20 June 2012
In ‘Rose,’ songmakes comeback
Keith Glover's "The Rose of Corazon: A Texas Songplay," in its world-premiere run at Shepherdstown, W.Va.'s Contemporary American Theater Festival, marks a refreshing change of pace for a tired genre. Violating the inflexible tenets of theatrical postmodernist dogma, it's an intelligent little musical propelled by understandable, metrical lyrics that embroider attractive, listenable tunes. What a concept.
Written and composed in collaboration with Billy Thompson and George Caldwell and directed by Mr. Glover, "The Rose of Corazon" can best be described as a song cycle from which springs the narrative structure of a play.
Set in Texas at the close of World War II (or "the last good war," as the program inaptly describes these events), Mr. Glover's drama imaginatively traces the trials and tribulations of Rosa (Arielle Jacobs), a naive Spanish war bride who joins her new American husband, Champ (Michael Flanigan), in far-distant Texas.
Champ is an aviator and a barnstorming stunt pilot, a prototypical American hero, brimming with swagger and gumption. However, injuries he has sustained during the war have ultimately tragic consequences for his town and his new wife.
Mr. Glover, with an assist from his collaborators, proves to be an eclectic and wide-ranging composer-lyricist who has not bought into the notion that an enjoyable song is anathema to the contemporary theater experience. He is comfortable with musical idioms ranging from jazz to rock, from mariachi to zydeco. He adapts these styles with an ease borne of experience, creating a sprightly show with wide appeal.
Although "Rose" is an American play, its structure borrows heavily from the magical realism originated by imaginative Central and South American writers. Recognizably naturalistic elements of Mr. Glover's plot are borne aloft by supernatural characters that are not always what they seem, leading the audience to wonder if they are not being transported to a dream world where perceptions of time, reality and illusion grow increasingly out of focus.
Fortunately, the playwright generally manages to make these elements work coherently. However, the play's ambiguous finale -- reminiscent of the unsettling, enigmatic conclusion to Shakespeare's "The Winter's Tale" -- is unsatisfying, abrupt and a little unfair, leaving a few too many loose threads dangling from Mr. Glover's otherwise elegant musical and narrative tapestry.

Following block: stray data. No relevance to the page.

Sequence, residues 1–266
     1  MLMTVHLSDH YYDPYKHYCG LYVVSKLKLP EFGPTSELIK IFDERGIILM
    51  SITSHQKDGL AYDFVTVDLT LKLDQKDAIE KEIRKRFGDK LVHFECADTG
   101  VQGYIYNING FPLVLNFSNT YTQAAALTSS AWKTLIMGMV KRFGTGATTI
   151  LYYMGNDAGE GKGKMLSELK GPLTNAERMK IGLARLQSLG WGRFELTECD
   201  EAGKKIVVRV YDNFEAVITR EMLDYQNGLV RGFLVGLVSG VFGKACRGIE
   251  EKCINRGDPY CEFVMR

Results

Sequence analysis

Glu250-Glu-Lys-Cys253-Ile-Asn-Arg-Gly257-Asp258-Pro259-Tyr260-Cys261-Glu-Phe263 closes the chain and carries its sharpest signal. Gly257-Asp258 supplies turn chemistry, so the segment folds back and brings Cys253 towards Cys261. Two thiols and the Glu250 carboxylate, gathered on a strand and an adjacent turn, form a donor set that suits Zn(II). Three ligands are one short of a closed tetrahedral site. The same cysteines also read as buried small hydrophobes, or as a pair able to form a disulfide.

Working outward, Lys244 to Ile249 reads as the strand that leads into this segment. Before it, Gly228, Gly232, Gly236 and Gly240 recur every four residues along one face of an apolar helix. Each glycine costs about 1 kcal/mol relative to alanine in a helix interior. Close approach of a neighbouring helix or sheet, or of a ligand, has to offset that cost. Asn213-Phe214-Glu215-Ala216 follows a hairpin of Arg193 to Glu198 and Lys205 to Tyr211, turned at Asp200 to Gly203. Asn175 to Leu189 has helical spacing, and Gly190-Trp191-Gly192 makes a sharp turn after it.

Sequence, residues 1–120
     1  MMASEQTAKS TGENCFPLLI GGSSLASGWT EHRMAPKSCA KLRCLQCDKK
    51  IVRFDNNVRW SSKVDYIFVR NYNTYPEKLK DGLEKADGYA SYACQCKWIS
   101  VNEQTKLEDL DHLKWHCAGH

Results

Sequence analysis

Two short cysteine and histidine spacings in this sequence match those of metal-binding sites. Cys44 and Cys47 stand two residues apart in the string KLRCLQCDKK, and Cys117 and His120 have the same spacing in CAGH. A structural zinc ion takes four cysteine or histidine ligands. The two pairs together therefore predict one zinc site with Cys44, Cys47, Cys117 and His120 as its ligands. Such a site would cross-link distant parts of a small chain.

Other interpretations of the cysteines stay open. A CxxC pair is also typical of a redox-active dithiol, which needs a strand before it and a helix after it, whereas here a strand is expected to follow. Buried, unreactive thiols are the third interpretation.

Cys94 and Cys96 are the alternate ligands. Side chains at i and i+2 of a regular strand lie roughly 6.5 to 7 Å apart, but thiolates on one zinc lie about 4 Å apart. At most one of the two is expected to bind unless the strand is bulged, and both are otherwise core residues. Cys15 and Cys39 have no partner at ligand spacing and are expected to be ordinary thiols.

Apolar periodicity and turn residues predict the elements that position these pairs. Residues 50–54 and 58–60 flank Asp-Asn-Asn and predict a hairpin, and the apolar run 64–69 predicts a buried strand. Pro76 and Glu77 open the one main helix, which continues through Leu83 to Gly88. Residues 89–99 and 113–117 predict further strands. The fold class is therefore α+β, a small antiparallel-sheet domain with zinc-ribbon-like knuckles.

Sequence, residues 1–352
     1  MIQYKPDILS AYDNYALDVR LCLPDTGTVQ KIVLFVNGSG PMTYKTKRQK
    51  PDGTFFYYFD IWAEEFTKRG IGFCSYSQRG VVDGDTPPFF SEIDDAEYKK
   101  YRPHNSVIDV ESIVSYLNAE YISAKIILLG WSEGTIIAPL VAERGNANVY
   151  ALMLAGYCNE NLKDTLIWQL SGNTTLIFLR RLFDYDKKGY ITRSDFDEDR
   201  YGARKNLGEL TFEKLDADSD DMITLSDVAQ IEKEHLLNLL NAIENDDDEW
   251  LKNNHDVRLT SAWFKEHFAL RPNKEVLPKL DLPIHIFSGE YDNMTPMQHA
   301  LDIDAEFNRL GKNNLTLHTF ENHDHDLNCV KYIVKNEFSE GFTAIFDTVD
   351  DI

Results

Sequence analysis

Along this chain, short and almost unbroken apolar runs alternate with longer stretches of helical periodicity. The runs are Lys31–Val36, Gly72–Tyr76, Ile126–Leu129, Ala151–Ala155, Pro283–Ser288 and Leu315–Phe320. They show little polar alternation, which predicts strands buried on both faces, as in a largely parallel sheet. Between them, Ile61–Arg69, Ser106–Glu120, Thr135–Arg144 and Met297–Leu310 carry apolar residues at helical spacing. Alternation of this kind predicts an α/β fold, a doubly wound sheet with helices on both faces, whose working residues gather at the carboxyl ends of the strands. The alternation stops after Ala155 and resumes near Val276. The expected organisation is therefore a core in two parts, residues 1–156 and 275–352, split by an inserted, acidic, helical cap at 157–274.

"The Rose of Corazon's" appealing cast turns in a classy, crisp, emotional performance. As Rosa, young Miss Jacobs is a believably winsome war bride. Her voice is sweet and surprisingly mature, blessedly liberated from that irritating Broadway brassiness that dictates that every song be belted out, regardless of its content.
As Champ, Michael Flanigan is brash and energetic, infusing his romantic character with a complex vulnerability and boyish charm. His vocal style is more driving than that of Miss Jacobs, but it provides an effective counterpoint in the ensemble numbers.
Joe (Perry Ojeda), Champ's foil, proves a worthy competitor for Rosa's affections, but his voice occasionally seemed a bit strained during Sunday's performance.
Playing a variety of characters, Celina Polanco, Caesar Samayoa and Christianne Tisdale lent vocal and dramatic gusto to the proceedings, while musicians Michael Pettry, Billy Thompson and Toby Williams breezed brilliantly and almost effortlessly through the show's richly varied musical palette.
Keith Glover's "The Rose of Corazon: A Texas Songplay." Additional music and lyrics by Billy Thompson and George Caldwell, at the Contemporary American Theater Festival (CATF)
Through Aug. 1
Campus of Shepherd University, Shepherdstown, W.Va. For directions, go to www.catf.org/directions.
$26 to $33. Group rates are also available.